the CPAN module before the use() or require() statements.

       The configuration dialog can be started any time later
       again by issueing the command " o conf init " in the CPAN

       Currently the following keys in the hash reference

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       $CPAN::Config are defined:

         build_cache        size of cache for directories to build modules
         build_dir          locally accessible directory to build modules
         index_expire       after this many days refetch index files
         cache_metadata     use serializer to cache metadata
         cpan_home          local directory reserved for this package
         dontload_hash      anonymous hash: modules in the keys will not be
                            loaded by the CPAN::has_inst() routine
         gzip               location of external program gzip
         histfile           file to maintain history between sessions
         histsize           maximum number of lines to keep in histfile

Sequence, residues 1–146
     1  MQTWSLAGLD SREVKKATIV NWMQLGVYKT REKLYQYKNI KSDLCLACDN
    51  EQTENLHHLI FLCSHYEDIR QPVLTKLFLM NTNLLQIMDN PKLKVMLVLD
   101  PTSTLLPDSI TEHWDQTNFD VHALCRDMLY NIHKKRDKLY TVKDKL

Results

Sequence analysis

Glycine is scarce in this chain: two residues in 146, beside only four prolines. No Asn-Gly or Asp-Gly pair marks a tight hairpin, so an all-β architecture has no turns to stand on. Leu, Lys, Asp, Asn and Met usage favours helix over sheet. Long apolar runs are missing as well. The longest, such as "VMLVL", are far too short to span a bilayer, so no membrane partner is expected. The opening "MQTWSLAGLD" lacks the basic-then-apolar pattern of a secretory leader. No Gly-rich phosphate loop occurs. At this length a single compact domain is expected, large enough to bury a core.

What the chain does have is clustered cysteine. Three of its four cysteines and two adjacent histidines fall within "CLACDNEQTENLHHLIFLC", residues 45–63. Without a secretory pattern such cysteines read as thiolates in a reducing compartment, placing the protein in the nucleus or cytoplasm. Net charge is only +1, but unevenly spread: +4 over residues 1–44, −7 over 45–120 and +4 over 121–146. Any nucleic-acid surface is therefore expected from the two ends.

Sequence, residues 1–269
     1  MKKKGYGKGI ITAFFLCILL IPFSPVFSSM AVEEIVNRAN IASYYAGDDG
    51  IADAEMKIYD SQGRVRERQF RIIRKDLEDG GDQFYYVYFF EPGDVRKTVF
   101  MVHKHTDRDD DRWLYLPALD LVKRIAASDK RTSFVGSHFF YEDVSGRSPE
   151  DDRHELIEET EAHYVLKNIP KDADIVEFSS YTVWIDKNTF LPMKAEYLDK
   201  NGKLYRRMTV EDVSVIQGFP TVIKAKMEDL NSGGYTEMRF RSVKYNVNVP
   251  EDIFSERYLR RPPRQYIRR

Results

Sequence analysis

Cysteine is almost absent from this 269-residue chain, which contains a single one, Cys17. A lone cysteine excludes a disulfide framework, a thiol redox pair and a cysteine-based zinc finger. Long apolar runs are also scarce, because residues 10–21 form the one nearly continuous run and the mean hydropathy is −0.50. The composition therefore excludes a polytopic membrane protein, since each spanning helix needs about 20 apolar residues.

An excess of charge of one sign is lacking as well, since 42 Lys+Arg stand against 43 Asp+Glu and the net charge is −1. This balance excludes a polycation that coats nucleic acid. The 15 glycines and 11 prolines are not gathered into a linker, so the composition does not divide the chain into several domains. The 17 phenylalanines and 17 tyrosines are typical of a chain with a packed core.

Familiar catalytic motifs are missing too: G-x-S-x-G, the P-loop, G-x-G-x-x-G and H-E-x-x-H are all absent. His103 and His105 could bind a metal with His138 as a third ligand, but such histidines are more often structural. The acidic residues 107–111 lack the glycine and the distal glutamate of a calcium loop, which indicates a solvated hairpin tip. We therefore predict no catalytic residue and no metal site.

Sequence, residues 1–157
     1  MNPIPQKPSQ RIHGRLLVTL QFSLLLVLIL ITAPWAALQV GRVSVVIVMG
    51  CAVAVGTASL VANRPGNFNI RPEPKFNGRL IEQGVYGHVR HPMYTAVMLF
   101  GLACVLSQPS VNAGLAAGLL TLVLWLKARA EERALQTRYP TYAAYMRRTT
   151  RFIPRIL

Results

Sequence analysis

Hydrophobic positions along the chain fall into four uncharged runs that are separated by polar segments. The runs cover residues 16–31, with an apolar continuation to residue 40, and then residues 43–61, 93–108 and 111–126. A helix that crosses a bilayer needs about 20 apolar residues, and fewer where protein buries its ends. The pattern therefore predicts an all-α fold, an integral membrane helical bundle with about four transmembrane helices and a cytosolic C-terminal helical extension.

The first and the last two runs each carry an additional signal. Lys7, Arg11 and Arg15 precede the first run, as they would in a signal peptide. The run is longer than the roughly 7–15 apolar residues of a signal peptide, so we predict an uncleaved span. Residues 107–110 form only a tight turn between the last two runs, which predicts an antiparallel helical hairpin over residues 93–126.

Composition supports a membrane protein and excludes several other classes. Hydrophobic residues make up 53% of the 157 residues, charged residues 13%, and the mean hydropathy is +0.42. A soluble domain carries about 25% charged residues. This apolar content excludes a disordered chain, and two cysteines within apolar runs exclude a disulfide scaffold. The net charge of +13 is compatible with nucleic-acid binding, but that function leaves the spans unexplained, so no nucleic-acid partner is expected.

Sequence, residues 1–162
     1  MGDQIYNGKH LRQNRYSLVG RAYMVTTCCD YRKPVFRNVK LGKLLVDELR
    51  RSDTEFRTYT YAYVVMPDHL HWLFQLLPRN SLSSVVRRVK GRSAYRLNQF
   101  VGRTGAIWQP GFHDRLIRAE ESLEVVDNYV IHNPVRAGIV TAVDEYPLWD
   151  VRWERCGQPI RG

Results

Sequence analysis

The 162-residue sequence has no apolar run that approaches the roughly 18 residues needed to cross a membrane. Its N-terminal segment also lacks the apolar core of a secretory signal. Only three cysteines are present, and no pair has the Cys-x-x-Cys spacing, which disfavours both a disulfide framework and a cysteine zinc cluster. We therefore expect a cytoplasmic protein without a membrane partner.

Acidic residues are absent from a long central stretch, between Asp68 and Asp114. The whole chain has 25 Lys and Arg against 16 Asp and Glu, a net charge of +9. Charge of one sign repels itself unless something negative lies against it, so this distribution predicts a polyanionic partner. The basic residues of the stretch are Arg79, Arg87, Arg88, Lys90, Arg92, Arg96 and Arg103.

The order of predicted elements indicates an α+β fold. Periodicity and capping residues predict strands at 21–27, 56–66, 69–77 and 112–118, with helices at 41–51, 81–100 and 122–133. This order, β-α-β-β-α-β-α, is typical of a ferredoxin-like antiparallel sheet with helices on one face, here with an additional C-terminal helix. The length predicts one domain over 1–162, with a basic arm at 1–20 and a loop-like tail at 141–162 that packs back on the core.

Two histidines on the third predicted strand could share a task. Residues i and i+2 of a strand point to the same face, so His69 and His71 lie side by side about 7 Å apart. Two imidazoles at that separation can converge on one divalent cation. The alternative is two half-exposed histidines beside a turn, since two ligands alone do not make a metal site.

inactivity_timeout breaks interactive Makefile.PLs after this
                            many seconds inactivity. Set to 0 to never break.
                            if true, does not print the startup message
         keep_source_where  directory in which to keep the source (if we do)
         make               location of external make program
         make_arg           arguments that should always be passed to 'make'
         make_install_arg   same as make_arg for 'make install'
         makepl_arg         arguments passed to 'perl Makefile.PL'
         pager              location of external program more (or any pager)
                            what to do if you are missing module prerequisites
                            ('follow' automatically, 'ask' me, or 'ignore')
         proxy_user         username for accessing an authenticating proxy
         proxy_pass         password for accessing an authenticating proxy
         scan_cache         controls scanning of cache ('atstart' or 'never')
         tar                location of external program tar
         term_is_latin      if true internal UTF-8 is translated to ISO-8859-1
                            (and nonsense for characters outside latin range)
         unzip              location of external program unzip
         urllist            arrayref to nearby CPAN sites (or equivalent locations)
         wait_list          arrayref to a wait server to try (See CPAN::WAIT)
         ftp_proxy,      }  the three usual variables for configuring
           http_proxy,   }  proxy requests. Both as CPAN::Config variables
           no_proxy      }  and as environment variables configurable.

       You can set and query each of these options interactively
       in the cpan shell with the command set defined within the
       "o conf" command: